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Bluelines: Singing the Third-String Blues

Stan Fischler looks at the rise of third-stringers making an appearance – and a positive impact – in the playoffs. Plus, he breaks down some things to think about this weekend, the USHL playoffs, Toronto's lack of production from a big-name star and more.
Pyotr Kochetkov


1. CANES: GM Don Waddell had better find a fourth-string goalie because Little Bad Marchand thinks Carolina netminders are archery targets.

2. OILERS: The Kings are learning that not even land mines can

deter a McDavid end-to-ender. Connor is the best 200-foot-skater since Bob Orr.

3. CANUCKS: As colleague Adam Proteau notes, Good Guy Bruce Boudreau shouldn't be made a lame-duck coach. Trouble is that Fischler and Proteau have more faith in Cousin Brucie than Jim Rutherford.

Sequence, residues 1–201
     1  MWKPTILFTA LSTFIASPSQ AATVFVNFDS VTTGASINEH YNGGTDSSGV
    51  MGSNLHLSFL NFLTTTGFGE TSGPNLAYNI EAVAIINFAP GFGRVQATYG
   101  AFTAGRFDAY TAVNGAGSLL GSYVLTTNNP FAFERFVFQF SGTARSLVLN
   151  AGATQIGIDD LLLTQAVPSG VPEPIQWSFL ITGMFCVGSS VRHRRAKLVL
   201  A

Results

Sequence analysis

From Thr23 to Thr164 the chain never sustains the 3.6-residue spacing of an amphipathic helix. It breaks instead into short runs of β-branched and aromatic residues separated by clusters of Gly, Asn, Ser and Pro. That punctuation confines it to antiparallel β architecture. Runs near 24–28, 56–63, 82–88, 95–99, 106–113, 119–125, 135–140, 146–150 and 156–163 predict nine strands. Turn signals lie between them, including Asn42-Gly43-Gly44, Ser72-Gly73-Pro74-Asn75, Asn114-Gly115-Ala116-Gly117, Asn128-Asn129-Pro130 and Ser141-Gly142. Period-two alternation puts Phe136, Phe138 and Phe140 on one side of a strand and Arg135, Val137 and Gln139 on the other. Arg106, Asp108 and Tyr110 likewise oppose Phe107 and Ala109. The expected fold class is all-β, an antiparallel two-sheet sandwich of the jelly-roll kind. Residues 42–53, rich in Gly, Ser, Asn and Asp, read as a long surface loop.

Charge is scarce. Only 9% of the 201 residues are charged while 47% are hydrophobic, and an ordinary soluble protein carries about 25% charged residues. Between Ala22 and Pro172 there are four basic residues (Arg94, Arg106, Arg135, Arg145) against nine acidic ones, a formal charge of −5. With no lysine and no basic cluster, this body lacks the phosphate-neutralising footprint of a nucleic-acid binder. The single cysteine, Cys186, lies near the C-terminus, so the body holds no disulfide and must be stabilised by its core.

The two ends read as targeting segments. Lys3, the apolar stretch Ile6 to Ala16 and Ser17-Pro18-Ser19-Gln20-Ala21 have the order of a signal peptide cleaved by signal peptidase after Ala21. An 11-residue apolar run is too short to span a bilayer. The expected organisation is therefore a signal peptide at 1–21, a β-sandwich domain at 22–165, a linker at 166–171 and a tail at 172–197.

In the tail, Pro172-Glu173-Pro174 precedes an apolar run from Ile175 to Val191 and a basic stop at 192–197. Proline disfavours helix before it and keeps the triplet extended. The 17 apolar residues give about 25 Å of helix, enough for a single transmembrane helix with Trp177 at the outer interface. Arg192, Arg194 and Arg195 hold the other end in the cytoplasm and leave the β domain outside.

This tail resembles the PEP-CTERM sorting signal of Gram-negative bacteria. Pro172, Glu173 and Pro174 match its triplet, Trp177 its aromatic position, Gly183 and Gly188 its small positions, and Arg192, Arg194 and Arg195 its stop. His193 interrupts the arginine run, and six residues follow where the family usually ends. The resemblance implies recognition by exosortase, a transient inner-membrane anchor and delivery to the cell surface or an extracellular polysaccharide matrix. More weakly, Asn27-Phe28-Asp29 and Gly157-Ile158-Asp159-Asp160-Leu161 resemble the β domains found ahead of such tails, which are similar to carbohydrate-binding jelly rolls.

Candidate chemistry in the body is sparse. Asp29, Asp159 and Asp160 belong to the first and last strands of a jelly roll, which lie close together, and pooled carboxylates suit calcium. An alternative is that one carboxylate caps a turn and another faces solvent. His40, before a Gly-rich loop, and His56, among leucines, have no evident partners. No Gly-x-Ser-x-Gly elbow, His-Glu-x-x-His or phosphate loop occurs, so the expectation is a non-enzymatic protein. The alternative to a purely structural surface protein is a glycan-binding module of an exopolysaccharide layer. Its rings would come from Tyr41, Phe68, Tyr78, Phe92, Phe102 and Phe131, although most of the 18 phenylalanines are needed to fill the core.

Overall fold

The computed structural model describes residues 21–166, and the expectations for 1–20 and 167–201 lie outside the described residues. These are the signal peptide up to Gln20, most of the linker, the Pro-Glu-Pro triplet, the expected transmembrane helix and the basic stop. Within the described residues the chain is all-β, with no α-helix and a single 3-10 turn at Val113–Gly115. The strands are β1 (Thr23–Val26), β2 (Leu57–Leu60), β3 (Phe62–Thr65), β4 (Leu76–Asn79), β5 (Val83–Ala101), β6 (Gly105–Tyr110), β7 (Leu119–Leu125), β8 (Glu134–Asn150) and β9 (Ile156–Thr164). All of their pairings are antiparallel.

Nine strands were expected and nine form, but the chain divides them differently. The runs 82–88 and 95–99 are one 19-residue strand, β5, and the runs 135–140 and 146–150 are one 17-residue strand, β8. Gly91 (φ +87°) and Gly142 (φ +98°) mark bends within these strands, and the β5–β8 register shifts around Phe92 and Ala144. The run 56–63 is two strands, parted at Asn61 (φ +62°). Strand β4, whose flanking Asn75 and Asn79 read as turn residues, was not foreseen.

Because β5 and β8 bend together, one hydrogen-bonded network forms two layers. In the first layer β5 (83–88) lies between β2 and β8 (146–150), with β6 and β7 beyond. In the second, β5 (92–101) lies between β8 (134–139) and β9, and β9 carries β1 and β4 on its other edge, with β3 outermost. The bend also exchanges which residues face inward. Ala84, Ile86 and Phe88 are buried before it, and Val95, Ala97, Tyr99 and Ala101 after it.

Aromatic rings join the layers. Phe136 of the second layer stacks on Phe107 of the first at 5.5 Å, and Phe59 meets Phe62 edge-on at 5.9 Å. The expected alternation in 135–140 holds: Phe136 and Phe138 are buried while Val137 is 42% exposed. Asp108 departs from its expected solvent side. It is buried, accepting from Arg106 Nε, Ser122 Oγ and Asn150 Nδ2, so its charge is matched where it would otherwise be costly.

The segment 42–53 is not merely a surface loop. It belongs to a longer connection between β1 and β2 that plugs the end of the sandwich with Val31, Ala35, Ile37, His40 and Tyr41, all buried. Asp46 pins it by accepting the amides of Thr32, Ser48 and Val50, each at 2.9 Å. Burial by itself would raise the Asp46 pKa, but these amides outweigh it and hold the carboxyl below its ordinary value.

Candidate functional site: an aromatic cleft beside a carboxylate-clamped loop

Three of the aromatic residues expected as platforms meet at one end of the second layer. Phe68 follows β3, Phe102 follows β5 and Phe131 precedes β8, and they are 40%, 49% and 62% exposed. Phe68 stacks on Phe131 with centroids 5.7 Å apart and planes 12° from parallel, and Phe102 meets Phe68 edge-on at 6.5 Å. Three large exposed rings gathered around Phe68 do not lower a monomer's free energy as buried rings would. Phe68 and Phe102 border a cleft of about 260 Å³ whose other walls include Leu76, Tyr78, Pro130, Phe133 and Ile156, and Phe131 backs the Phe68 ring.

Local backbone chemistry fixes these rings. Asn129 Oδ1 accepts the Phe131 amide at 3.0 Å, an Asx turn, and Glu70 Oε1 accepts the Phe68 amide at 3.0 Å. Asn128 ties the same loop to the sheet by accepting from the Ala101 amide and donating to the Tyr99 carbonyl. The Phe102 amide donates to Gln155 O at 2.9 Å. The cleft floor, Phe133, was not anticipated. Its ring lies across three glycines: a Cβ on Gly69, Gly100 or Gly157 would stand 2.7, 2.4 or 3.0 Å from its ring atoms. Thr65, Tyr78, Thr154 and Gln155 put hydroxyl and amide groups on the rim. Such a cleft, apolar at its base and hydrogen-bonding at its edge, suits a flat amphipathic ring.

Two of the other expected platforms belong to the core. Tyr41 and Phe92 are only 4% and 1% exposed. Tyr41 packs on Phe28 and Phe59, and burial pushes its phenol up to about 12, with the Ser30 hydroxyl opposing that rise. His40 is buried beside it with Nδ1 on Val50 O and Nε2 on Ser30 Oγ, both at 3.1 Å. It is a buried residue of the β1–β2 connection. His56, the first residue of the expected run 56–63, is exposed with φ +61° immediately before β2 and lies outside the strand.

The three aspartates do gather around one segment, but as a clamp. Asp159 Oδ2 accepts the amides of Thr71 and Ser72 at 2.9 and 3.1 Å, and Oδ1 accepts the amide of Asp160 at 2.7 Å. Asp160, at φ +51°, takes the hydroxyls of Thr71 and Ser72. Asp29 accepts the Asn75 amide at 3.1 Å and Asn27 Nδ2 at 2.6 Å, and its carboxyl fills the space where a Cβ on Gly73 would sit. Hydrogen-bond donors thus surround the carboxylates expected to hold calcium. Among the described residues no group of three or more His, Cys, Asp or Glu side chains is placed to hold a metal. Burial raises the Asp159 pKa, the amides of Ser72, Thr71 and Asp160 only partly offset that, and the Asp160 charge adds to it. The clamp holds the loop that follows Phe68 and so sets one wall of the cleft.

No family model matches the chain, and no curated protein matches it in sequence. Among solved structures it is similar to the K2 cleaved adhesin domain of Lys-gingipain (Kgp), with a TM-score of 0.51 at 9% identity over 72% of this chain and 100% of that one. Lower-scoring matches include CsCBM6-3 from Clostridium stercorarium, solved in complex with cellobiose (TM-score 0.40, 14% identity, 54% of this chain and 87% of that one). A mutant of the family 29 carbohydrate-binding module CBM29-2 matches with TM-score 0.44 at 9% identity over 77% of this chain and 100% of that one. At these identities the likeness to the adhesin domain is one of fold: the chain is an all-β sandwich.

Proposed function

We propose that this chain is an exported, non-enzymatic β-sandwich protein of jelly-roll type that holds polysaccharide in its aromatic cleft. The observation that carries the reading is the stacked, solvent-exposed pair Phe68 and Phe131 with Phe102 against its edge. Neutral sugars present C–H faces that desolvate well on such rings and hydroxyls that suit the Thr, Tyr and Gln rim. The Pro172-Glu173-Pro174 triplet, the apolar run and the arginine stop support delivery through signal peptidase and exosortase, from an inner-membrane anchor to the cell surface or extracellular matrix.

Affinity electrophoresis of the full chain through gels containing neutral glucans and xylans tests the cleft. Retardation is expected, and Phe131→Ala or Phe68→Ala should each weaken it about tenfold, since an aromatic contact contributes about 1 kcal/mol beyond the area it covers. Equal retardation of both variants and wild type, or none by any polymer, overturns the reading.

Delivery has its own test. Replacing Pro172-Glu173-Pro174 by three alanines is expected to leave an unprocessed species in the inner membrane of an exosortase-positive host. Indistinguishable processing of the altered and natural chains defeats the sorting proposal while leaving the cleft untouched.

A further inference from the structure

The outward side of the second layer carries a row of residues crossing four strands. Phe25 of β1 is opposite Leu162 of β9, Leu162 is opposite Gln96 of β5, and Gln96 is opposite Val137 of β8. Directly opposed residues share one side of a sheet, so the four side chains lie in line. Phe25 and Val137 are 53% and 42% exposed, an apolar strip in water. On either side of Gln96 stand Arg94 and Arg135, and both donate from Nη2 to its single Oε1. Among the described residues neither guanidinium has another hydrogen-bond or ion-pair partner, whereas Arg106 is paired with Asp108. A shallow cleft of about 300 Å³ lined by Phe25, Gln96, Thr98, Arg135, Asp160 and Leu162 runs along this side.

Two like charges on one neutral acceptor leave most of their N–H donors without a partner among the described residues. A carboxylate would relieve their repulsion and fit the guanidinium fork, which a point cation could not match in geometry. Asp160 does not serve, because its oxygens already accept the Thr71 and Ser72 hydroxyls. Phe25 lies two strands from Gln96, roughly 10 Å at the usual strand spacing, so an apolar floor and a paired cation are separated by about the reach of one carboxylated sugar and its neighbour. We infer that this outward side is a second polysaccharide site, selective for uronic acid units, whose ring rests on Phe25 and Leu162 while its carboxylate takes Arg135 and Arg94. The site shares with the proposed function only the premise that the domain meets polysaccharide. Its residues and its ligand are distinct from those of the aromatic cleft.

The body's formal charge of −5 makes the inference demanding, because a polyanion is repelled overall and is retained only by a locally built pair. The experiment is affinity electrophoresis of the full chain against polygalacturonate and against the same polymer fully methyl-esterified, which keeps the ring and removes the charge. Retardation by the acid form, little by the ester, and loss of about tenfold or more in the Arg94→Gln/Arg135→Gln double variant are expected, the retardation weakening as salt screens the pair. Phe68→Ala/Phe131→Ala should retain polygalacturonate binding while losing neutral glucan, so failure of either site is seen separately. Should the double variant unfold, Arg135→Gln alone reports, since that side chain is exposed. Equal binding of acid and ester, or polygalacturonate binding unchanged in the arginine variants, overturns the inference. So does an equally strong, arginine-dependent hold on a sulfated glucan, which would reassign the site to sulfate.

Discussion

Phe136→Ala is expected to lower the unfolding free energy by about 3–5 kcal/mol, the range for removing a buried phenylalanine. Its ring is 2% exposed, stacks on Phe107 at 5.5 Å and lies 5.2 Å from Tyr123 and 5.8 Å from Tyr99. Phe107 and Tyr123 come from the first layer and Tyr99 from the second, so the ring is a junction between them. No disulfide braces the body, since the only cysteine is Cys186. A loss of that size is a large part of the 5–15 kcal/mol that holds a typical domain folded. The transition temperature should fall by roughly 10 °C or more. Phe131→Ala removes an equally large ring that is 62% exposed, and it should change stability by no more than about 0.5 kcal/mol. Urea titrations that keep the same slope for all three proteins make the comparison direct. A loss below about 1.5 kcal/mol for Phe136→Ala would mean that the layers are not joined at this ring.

4. The Rangers-Penguins first game marathon took more out of older Pittsburgh than younger New York. It says here the Pens will be lucky to win another; even at home.

5. BRUINS: Charlie McAvoy is a fine defenseman except, Tony D'Angelo is better. (Like four assists in two games better.)

6. EMPLOYMENT OPPORTUNITY: Want to make big money, fast? Open a Used Goalie Lot!

7. BATTLE OF THE COACHES: A compelling sidebar to the Rangers-Penguins tourney has to do with the rival coaches. Both New York's Gerard (He Is Quite) Gallant and Pitt's Mike Sullivan are top candidates for the Adams (Best Mentor) Awad.

8. After watching Washington lose last night in Florida, my man in Sunrise, Al Greenberg, put it well: "The Caps without Tom Wilson are like bagels without cream cheese!"'

9. All things considered, the Predators' OT effort last night in Denver was nothing short of valiant; just short of a win. 



This is the best -- and worst -- time to be a goalie.